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  • Art. photography. For Example: holly pettersen

    03.08.2012

    holly pettersen

    photography

    Holly currently resides in Chicago but grew up in a Northwest suburb of the city. She went to Ball State University in Muncie, Indiana where she was thrown into their rigorous art curriculum. Her wide range of classes in drawing, painting, sculpture and printmaking have influenced her art and continually pushed her to be a better photographer. Her exposure to art history and theory can be seen in her work as well. A significant presence in her artwork is geometry and line reflecting an urban style and city exposure that is an overlying constant in her photography.

    “Upon first glance my images usually appear as simplistic street photography that puts a strong emphasis on geometric shape and composition—a door, a sign, a bench, the side of a building. I am turning spaces and objects that one might normally glance over into arresting images with a mysterious resonance. Usually one object is chosen to float in apparent defiance of gravity or the structural capabilities of a building are incorrect. I have chosen these ways of manipulation as a means to distort space and cause a familiar setting to suddenly become unfamiliar.

    In the book Theory of Prose Victor Shklovsky discusses “enstrangement”, which is traditionally translated as “defamiliarization”. It is used as a tool to change our perception. We become so familiar with objects that we no longer really see them nor take the time to. We are not really looking at things but merely recognizing them. The purpose of my art is to “enstrange” and complicate compositions in which one is forced to see things anew. One must spend more time with the image. The image and the objects within are brought into view and perceived in a special way and not recognized as being only a door, a bench, or the side of a building.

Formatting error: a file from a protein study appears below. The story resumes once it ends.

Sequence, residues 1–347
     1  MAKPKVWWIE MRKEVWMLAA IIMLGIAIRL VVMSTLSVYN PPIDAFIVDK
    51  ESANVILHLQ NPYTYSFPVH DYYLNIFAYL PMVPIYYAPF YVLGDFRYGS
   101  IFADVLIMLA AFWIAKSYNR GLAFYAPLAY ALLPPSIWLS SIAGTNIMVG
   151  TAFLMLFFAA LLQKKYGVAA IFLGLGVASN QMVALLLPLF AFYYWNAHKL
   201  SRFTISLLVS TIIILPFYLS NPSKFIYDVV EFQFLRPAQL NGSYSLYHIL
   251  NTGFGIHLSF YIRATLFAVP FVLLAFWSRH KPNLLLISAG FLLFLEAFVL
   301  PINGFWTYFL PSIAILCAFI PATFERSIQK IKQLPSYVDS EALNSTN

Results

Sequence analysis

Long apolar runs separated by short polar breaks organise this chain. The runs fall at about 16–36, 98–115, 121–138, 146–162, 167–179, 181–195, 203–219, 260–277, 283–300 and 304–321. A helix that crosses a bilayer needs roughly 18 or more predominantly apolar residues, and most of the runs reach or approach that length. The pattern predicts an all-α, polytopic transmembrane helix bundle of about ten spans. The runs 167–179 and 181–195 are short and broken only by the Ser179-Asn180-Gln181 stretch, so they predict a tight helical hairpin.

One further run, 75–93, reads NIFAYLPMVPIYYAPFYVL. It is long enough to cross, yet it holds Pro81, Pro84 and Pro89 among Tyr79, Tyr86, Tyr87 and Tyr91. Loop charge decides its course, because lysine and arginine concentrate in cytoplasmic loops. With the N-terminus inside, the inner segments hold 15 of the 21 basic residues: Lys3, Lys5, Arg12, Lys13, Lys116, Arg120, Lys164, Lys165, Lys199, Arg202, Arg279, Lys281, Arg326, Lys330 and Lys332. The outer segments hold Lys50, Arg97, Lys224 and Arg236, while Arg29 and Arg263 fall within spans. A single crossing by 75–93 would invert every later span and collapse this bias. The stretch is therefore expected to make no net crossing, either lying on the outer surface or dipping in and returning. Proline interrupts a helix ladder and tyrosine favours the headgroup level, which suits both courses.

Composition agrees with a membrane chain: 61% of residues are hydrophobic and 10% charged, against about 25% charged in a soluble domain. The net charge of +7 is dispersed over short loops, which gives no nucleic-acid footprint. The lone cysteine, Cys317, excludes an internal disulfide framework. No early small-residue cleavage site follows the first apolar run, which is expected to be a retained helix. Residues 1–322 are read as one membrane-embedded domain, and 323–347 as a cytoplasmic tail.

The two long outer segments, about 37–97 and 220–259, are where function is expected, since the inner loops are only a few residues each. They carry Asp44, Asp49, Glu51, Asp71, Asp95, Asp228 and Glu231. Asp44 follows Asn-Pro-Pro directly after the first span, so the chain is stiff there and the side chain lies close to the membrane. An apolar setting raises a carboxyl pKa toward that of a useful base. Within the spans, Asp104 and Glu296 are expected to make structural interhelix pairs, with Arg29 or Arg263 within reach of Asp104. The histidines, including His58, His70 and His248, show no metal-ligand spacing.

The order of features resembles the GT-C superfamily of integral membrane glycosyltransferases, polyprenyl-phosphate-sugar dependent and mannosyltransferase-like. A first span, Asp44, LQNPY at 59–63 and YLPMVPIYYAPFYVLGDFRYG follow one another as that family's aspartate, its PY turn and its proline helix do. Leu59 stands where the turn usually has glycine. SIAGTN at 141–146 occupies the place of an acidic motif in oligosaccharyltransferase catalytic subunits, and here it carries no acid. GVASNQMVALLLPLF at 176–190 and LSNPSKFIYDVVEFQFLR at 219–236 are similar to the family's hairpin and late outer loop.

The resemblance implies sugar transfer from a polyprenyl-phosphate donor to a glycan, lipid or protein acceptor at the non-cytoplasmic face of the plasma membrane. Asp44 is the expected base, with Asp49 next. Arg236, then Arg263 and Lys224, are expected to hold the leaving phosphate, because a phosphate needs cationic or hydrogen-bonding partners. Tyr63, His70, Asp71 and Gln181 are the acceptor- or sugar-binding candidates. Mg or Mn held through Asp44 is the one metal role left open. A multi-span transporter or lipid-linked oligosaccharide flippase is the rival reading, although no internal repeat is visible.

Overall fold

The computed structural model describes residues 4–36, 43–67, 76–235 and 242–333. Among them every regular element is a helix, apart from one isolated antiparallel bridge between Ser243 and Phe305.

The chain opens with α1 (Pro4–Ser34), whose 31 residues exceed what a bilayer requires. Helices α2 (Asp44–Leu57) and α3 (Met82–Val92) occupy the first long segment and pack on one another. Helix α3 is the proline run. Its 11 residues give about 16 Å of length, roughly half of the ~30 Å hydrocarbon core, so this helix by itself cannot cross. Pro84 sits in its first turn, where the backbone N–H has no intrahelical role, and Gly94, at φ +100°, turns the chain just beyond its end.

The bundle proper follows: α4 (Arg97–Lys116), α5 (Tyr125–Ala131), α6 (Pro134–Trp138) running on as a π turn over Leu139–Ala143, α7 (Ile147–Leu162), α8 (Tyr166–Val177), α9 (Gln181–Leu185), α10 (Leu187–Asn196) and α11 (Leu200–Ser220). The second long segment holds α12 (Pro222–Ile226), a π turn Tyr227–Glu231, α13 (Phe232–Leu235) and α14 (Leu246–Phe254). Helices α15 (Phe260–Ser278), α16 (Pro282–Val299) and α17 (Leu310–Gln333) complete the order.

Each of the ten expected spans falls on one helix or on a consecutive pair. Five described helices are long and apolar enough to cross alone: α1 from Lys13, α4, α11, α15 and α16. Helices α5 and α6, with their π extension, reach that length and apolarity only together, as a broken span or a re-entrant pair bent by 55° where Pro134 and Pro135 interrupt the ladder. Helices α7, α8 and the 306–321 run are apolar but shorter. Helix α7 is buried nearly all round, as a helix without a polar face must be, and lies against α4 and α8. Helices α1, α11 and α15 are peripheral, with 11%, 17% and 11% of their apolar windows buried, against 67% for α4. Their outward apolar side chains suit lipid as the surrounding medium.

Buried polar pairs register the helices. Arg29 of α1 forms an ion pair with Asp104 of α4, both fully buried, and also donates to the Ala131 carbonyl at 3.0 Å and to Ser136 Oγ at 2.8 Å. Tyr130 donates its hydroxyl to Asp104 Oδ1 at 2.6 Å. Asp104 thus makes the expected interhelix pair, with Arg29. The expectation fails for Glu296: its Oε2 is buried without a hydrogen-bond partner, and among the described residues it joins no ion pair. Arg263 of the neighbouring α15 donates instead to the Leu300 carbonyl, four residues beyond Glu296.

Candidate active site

A strong sense of realism in my images is important because with details missing a strange, illogical presence is created within the composition. This produces an irregularity between the manipulated object, the scene, and what the viewer sees. The absence of these details sometimes goes unnoticed except for a shadow or part of the object that is left lingering, oddly, and hinting at what was once present. It is this hint amidst the normalcy that demands more and evokes the mystery.”

    www.hollypettersenphotography.com
  • Art. photography. For Example: holly pettersen

    03.08.2012

    holly pettersen

    photography

    Holly currently resides in Chicago but grew up in a Northwest suburb of the city. She went to Ball State University in Muncie, Indiana where she was thrown into their rigorous art curriculum. Her wide range of classes in drawing, painting, sculpture and printmaking have influenced her art and continually pushed her to be a better photographer. Her exposure to art history and theory can be seen in her work as well. A significant presence in her artwork is geometry and line reflecting an urban style and city exposure that is an overlying constant in her photography.

    “Upon first glance my images usually appear as simplistic street photography that puts a strong emphasis on geometric shape and composition—a door, a sign, a bench, the side of a building. I am turning spaces and objects that one might normally glance over into arresting images with a mysterious resonance. Usually one object is chosen to float in apparent defiance of gravity or the structural capabilities of a building are incorrect. I have chosen these ways of manipulation as a means to distort space and cause a familiar setting to suddenly become unfamiliar.

    In the book Theory of Prose Victor Shklovsky discusses “enstrangement”, which is traditionally translated as “defamiliarization”. It is used as a tool to change our perception. We become so familiar with objects that we no longer really see them nor take the time to. We are not really looking at things but merely recognizing them. The purpose of my art is to “enstrange” and complicate compositions in which one is forced to see things anew. One must spend more time with the image. The image and the objects within are brought into view and perceived in a special way and not recognized as being only a door, a bench, or the side of a building.